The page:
The Army on Hounslow Heath
The existence of a standing army in England was a by-product of the Civil War. The Restoration of 1660 saw the retention of a few regiments. But when James II came to the throne in 1685, he set about enlarging the force. Annual manoeuvres were held on Hounslow Heath, which some thought were intended to overawe London.
Twickenham burial registers account for several deaths in the camp on the Heath in 1686 including one "shot by a felon unknown", and Joseph Ashe was buried on 1st August 1686 after being killed at the camp. A military hospital also seems to have been established on the Heath; which may have been the origin of the modern name "Hospital Bridge Road". Lord John Belasyse, living nearby leased some land to the King to enable the hospital to be provided.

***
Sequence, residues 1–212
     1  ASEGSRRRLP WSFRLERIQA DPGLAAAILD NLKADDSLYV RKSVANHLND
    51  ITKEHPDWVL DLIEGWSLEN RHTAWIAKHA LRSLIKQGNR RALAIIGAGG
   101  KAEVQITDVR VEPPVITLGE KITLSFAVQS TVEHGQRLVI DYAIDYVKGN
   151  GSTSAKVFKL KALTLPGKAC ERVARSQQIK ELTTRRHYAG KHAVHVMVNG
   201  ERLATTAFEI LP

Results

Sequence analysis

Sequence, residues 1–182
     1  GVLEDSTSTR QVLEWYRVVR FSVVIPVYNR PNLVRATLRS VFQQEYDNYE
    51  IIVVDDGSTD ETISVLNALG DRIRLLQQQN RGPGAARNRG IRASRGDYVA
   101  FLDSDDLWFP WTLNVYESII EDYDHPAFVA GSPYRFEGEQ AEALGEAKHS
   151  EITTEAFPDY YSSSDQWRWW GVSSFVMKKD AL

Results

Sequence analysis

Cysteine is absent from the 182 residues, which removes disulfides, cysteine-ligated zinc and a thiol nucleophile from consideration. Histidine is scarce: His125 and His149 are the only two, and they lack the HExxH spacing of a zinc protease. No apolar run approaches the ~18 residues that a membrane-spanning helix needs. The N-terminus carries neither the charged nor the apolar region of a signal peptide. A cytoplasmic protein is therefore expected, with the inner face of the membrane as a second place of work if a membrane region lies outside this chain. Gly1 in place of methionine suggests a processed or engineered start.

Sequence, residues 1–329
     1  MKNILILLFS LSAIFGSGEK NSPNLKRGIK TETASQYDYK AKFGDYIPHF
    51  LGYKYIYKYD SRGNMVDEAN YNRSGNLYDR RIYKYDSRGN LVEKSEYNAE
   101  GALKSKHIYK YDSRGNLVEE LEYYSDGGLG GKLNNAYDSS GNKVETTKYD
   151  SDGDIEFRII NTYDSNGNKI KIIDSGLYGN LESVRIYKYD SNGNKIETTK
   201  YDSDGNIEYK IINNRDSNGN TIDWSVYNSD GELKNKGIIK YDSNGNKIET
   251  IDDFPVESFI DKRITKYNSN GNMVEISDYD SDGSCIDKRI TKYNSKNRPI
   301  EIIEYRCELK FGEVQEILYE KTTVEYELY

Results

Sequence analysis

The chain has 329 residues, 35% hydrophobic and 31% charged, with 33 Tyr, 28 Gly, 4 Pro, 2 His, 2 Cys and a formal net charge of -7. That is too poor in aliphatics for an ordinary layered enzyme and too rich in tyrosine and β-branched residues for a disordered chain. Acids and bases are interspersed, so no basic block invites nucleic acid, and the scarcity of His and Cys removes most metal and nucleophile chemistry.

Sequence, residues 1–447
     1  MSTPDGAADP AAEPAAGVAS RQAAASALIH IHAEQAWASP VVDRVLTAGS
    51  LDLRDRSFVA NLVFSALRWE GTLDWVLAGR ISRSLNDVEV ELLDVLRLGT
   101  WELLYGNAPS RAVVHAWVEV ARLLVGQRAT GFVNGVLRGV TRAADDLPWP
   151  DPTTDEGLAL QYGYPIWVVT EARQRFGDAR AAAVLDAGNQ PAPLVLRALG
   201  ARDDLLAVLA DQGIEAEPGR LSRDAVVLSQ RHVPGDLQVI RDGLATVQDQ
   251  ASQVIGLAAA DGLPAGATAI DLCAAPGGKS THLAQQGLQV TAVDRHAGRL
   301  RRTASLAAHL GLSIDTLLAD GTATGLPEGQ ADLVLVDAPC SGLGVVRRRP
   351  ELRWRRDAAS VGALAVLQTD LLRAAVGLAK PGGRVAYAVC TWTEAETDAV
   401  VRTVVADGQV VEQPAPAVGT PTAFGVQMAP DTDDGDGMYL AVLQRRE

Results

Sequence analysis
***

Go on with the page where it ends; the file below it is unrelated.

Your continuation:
In 1687, the army enacted a mock siege and assault on Breda. A contemporary sketch of that "action" exists.
R S Cobbett , Memorials of Twickenham, 1872, p63
Victoria County History of Middlesex Vol.3, page 91, sketch of the mock siege of Breda
Corelli Barnett, Britain and her Army 1509-1970, 1974.